Swedish police said Saturday that a man arrested on "suspicion of terrorist crime" was likely to be the driver of a truck that ploughed into a crowd of people in central Stockholm a day earlier.
"We suspect that the man who was arrested is the perpetrator," Stockholm police spokesman Lars Bystrom told AFP.
The attack on Friday killed four people and injured 15, nine of them seriously.
Police had earlier said they had detained a man who "matched the description" of a photo released of a suspect wearing a dark hoodie and military green jacket.
Bystrom said the arrested man "could be the same person in the picture".
According to the newspaper Aftonbladet, the individual in the photo is a 39-year-old man of Uzbek origin and a supporter of the Islamic State (IS) group.
If confirmed as a terror attack, it would be Sweden's first such deadly assault. The 15 injured included children and nine people were "seriously" wounded, health authorities said.
Prime Minister Stefan Lofven said he had strengthened the country's border controls.
"Terrorists want us to be afraid, want us to change our behaviour, want us to not live our lives normally, but that is what we're going to do. So terrorists can never defeat Sweden, never," he said.
The attack occurred just before 3:00 pm (1300 GMT) when the stolen truck slammed into the corner of the bustling Ahlens store and the popular pedestrian street Drottninggatan, above ground from Stockholm's central subway station.
Pictures taken at the scene showed a large blue beer truck with a mangled undercarriage smashed into the Ahlens department store.
Witnesses described scenes of terror and panic.
"A massive truck starts driving ... and mangles everything and just drives over exactly everything," eyewitness Rikard Gauffin told AFP.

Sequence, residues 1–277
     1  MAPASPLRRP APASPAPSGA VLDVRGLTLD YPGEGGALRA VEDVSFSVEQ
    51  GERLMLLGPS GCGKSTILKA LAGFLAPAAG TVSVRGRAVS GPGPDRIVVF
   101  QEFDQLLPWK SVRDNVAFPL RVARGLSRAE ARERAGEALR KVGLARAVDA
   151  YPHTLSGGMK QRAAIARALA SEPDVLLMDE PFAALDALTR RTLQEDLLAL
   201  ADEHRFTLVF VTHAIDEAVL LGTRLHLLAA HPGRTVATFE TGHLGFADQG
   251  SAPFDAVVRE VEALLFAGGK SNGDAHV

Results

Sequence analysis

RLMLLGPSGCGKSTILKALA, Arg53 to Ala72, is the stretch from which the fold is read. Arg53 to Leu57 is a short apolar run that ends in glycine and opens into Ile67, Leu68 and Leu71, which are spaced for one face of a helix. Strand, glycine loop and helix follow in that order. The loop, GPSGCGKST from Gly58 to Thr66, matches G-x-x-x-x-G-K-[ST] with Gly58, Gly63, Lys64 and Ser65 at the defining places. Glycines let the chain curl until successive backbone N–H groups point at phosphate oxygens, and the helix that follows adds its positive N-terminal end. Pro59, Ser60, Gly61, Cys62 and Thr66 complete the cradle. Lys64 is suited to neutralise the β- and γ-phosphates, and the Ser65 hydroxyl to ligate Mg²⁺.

"It was so terrible and there were bodies lying everywhere... it was really terrifying," he added.
The truck was towed away in the early hours of Saturday.
Police cars and ambulances rapidly flooded the scene after the attack, as central streets and squares were blocked off amid fears that another attack could be imminent.
Helicopters hovered overhead across the city, sirens wailed, and police vans criss-crossed the streets using loudspeakers to urge people to head straight home and avoid crowded places.
But with the metro system and commuter trains shut down for several hours after the attack, other streets heading out of the city were packed with thousands of pedestrians trying to find a way home.
Haval, a 30-year-old sales clerk who didn't want to reveal his last name, was in the metro at the time of the attack.
His train stopped immediately and he had to get out, along with all the other passengers.
They walked along the street before being ushered inside a nearby hotel for safety.
"We were suddenly trapped inside a hotel and there was the worst kind of horror in there," he told AFP.
"We were scared, we were scared something else would happen, he added.
Marko was in coffee shop near the scene with his girlfriend when he saw the truck ram into the store.
"He hit a woman first, then he drove over a bunch of other people ... We took care of everyone lying on the ground," he told Swedish daily newspaper Aftonbladet.
Hasan Sidi, another passerby, told Aftonbladet he saw two elderly women lying on the ground.
He said people at the scene urged him to help one of the women who was "bleeding to death".
"One of them died... I don't know if the other one made it," Sidi said.
"The police were shocked. Everyone was shocked."
"The fear and panic right after the incident was inevitable. The images from the attack were terrible," the paper said.
But Stockholm managed to stay "cool-headed" even though the attacker struck "Sweden and Stockholm's heart", it added.
Friday's attack was the latest in a string of similar assaults with vehicles in Europe, including in London, Berlin and the southern French city of Nice.
The deadliest came last year in France on the July 14 Bastille Day national holiday, when a man rammed a truck into a crowd in the Mediterranean resort of Nice, killing 86 people.
Last month, Khalid Masood, a 52-year-old convert to Islam known to British security services, killed five people when he drove a car at high speed into pedestrians on London's Westminster Bridge before launching a frenzied knife attack on a policeman guarding the parliament building.
And in December, a man hijacked a truck and slammed into shoppers at a Christmas market in Berlin, killing 12 people.
In 2014, IS called for attacks on citizens of Western countries and gave instructions on how they could be carried out without military equipment, using rocks or knives, or by running people over in vehicles.